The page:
Ireland’s most renowned big wave surfer, Richie Fitzgerald, hails from Bundoran and has represented Ireland at both World and European Championships. For Richie, the west of Ireland represents the ideal location for those looking to catch some waves. “I think the west of Ireland is the real Ireland. We have a fabulous outdoors environment with stunning coastline, beaches, surf, mountains, lakes and rivers. It’s an outdoor adventure playground paradise.”
Although the waves have always been here, surfing in Ireland has exploded in popularity of late, with Fitzgerald estimating that there are approximately 200,000 surfers dotted all over the country. He attributes the growth in popularity down to a number of things: for a start, the economic boom of the mid-90s allowed people to buy the necessary equipment, while people that had journeyed to places such as Australia or on student visas to America experienced surfing for themselves while abroad and were keen to keep up the hobby on their return home. Richie has seen surfing’s popularity surge over the years and while he admits that all of the reasons mentioned above are contributing factors, he maintains that the most important reason for its massive appeal here is, and will always be, the quality of waves on offer. It is not just the Irish that are taking to the waves. Now that the word is out, Bundoran and the bordering towns, with their punishing appeal and enticing promise of huge, storm-tossed swells, have become international surfing destinations.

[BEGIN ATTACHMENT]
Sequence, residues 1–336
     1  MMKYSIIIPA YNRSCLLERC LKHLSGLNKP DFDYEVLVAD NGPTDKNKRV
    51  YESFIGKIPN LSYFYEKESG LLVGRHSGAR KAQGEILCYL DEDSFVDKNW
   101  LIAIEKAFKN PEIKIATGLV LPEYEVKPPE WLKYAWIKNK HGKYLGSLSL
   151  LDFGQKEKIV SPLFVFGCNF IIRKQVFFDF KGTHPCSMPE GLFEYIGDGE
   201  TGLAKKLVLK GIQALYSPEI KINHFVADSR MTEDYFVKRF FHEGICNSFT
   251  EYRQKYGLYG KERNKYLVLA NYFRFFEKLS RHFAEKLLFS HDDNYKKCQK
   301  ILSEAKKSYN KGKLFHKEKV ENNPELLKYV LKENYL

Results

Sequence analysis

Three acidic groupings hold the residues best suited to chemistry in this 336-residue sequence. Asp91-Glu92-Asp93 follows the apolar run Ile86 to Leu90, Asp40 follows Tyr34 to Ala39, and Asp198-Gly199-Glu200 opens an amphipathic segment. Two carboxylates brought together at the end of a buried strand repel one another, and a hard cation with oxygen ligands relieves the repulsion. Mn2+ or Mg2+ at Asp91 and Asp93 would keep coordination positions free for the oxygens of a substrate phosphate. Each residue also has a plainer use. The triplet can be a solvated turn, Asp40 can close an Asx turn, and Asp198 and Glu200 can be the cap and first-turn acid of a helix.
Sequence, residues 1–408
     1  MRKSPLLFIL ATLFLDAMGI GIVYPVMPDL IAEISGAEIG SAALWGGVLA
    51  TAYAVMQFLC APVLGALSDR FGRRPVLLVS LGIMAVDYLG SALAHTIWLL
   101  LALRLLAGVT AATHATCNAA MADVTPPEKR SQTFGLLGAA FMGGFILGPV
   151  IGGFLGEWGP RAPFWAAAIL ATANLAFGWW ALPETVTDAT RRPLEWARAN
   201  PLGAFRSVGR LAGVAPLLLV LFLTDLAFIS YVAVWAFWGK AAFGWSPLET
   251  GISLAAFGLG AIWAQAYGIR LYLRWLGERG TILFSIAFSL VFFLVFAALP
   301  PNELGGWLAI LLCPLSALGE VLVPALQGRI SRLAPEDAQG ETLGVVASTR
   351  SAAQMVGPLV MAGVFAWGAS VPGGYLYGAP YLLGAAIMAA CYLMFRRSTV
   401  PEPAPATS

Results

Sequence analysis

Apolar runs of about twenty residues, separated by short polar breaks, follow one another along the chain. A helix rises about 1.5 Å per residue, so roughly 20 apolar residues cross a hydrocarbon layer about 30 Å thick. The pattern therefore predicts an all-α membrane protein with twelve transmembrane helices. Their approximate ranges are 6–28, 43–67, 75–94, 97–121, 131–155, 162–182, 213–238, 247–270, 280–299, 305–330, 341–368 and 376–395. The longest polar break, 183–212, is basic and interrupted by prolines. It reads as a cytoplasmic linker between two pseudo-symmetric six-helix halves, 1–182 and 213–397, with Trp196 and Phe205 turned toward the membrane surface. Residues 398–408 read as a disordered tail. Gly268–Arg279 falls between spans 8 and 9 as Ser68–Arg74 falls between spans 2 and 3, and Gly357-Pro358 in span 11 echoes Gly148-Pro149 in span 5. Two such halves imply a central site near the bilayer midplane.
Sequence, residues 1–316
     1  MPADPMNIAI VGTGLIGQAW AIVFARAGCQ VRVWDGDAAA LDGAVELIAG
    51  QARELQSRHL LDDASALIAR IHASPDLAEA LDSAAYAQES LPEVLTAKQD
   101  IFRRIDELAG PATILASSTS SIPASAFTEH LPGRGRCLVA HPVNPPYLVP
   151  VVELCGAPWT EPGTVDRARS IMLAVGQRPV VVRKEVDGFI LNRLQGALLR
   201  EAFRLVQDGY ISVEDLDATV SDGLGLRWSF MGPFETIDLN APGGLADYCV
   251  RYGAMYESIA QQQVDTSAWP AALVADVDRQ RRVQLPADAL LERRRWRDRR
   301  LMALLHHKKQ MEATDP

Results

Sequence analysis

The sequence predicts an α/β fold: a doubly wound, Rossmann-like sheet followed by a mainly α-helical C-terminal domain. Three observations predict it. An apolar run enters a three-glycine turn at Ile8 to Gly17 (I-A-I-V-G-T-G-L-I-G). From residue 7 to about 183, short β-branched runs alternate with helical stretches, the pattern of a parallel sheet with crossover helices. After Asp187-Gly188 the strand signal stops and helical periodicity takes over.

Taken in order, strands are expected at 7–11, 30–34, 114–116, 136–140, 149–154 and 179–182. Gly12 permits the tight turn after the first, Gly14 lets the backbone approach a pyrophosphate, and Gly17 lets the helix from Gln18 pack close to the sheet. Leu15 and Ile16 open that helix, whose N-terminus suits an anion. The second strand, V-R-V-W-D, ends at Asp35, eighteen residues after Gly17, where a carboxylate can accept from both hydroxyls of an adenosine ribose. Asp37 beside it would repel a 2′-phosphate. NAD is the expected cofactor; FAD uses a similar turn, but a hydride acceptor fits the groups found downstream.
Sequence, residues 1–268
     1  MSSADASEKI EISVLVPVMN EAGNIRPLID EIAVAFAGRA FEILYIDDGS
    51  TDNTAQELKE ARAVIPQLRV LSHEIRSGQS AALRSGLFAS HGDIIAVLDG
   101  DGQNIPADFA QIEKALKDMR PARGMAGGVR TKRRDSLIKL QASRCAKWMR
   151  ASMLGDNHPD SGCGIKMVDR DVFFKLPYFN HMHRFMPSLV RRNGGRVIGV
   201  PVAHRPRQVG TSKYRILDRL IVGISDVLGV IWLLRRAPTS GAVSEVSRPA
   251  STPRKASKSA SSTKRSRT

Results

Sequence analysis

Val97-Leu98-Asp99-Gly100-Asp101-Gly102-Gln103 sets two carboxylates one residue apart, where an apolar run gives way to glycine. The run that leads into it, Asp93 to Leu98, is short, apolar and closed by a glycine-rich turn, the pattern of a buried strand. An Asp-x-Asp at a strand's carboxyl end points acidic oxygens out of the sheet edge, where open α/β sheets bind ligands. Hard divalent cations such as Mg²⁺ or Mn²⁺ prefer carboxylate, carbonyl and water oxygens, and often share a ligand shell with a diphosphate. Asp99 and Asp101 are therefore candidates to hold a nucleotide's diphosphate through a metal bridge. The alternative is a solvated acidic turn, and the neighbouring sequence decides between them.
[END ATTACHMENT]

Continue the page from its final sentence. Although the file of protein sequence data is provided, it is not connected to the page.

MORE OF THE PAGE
Bundoran may have encouraged the surfing trend, but other beaches are hugely popular with Irish and international surfers alike and the sport has sparked the conversion of numerous seaside spots, from quiet villages to resort towns bustling with surf boards and athletes. Strandhill, in County Sligo; Achill, in County Mayo, and Tramore, in County Waterford, all draw locals, foreign travellers and “weekend warriors” to the waves – and each spot is surrounded by spectacular scenery, with tourist towns, cosy pubs and ancient ruins all within comfortable driving distance. For those seeking a stronger challenge, Easkey, in County Sligo, harbours a desolate beauty and decidedly tougher waves.
Videos of the large waves off the coast of Ireland are appearing on YouTube with more regularity, taken by diehard surfers who have heard the whispers about Ireland from the dedicated surfing community. New Yorker Kurt Rist has been surfing for over 20 years and has travelled the world seeking out the best waves to ride. He first visited Ireland in 2009 to surf at Mullaghmore and was so taken by the waves on offer that the surf instructor now spends six months of the year in Ireland riding the west coast swell. He has surfed all over the word, including Hawaii, Peru and Indonesia, but always chooses to come back to Irish shores for the winter.
For Rist, surfing is a form of meditation. “Your mind is completely empty, you’re completely focused on the present and everything else in your life disappears,” he said. “That’s what’s really cool about big wave surfing, because of the danger involved the focus is next to nothing. When you do catch the wave, it’s exciting, thrilling, scary and so gratifying.”
When one thinks of surfing they immediately visualize golden sunsets over tropical locations, the palm trees of Hawaii or the warm seas and roaring waves of Australia and California. But the cold and choppy waters of the Irish Atlantic have slowly become the lasting image of modern surfing. Surfers, both local and foreign, are finding out that those who seek to test themselves against the toughest waves must journey to the magnificent coasts of Ireland to experience surfing in all its glory.